Is Marketing Just for Fundraising?

Robin Noah

In my opinion and many others – it is not. Too often marketing is associated just with Fundraising. While it is not fundraising per se it is essential to it.  

The reality is that marketing encompasses many activities. It is more than bringing in donations. It is about boosting the effectiveness of programs and activities that are the reasons an organization exist – to make a difference.  

I like the Guerrilla Marketing for Nonprofits description of marketing, especially the part that states that … marketing is a personalized battle plan for your organization using the proven weapons to promote, recruit, motivate, and raise more money for your nonprofit.

Consider that marketing has other outcomes.  It is used to find volunteers, to persuade decision makers, to change public policy, to raise awareness, to encourage change, to   ” talk”  to your donors in between those times when you ask for money and for keeping current donors happy with your organization so they will give again.

In an environment where multiple organizations are chasing the same dollars, business sponsors and volunteers, standing out among the crowd is critical to success.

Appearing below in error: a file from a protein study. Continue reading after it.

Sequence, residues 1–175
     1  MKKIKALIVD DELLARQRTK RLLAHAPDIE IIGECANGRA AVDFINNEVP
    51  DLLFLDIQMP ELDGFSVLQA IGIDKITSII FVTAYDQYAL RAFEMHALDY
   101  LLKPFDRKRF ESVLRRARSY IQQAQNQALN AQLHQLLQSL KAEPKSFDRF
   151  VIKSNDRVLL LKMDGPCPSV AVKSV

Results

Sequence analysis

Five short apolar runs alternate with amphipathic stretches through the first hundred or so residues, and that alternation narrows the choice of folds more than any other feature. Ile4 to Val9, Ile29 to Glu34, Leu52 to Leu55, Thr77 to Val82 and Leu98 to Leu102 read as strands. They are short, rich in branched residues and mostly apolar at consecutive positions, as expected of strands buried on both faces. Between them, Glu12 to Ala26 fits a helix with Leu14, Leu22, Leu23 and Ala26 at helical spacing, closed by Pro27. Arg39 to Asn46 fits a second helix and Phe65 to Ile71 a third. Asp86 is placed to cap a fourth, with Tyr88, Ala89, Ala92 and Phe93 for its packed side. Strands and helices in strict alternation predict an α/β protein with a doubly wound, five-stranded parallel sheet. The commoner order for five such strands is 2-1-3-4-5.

There are several types of marketing; e.g., e-mail, web sites, events, newsletters, conferences, television, radio or print advertising, social media, cause marketing, and Internet/On-line marketing. Which one(s) will best serve your organization?

Online marketing is no longer optional for nonprofit organizations. Even the smallest and most local nonprofit must reach out to the public through an online presence.

The nonprofit sector has come a long way in its use of the Internet. Funds raised online by nonprofits have grown from $250 million in 2000 to more than $5 billion in 2006. Growth today continues to be strong, with average online fundraising estimates exceeding 30 percent per year (donorCentrics™ Internet Giving Benchmarking Analysis) and it is here to stay.

Is it time to: a) create or re-focus on developing an effective marketing plan that is reaching your target audience and b) to transform that plan into strategic actions that are understood and adopted throughout the organization?

The time is now. Set aside time to do research into marketing for nonprofits.  You will find books, articles and recommendations for developing a plan appropriate for your organization.  Examine ways that you can enhance your presence, for example –  integrating your online marketing with your offline communications, extending  your online marketing with social media, providing images of the people you serve  and your volunteers and a how about a donor hall of fame?  Make sure the plan emphasizes your brand and who you are.  Use that data to sell your products and services

Author: Robin Noah, Executive Coaches of Orange County, www.ECofOC.org